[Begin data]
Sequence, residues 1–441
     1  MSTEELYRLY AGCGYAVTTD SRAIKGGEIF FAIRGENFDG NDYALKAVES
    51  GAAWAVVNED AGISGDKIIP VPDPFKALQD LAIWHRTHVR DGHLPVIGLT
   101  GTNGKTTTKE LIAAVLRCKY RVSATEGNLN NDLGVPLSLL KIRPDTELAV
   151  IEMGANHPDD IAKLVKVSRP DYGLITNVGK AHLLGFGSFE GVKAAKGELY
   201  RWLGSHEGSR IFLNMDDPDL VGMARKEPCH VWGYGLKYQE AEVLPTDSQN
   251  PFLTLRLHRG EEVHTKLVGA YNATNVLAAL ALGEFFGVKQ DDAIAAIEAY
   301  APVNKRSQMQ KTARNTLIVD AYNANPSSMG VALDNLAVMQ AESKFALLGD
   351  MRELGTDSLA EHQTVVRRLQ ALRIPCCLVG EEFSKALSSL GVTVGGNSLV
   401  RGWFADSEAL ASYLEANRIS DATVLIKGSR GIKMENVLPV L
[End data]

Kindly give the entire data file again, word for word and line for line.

Sequence, residues 1–441
     1  MSTEELYRLY AGCGYAVTTD SRAIKGGEIF FAIRGENFDG NDYALKAVES
    51  GAAWAVVNED AGISGDKIIP VPDPFKALQD LAIWHRTHVR DGHLPVIGLT
   101  GTNGKTTTKE LIAAVLRCKY RVSATEGNLN NDLGVPLSLL KIRPDTELAV
   151  IEMGANHPDD IAKLVKVSRP DYGLITNVGK AHLLGFGSFE GVKAAKGELY
   201  RWLGSHEGSR IFLNMDDPDL VGMARKEPCH VWGYGLKYQE AEVLPTDSQN
   251  PFLTLRLHRG EEVHTKLVGA YNATNVLAAL ALGEFFGVKQ DDAIAAIEAY
   301  APVNKRSQMQ KTARNTLIVD AYNANPSSMG VALDNLAVMQ AESKFALLGD
   351  MRELGTDSLA EHQTVVRRLQ ALRIPCCLVG EEFSKALSSL GVTVGGNSLV
   401  RGWFADSEAL ASYLEANRIS DATVLIKGSR GIKMENVLPV L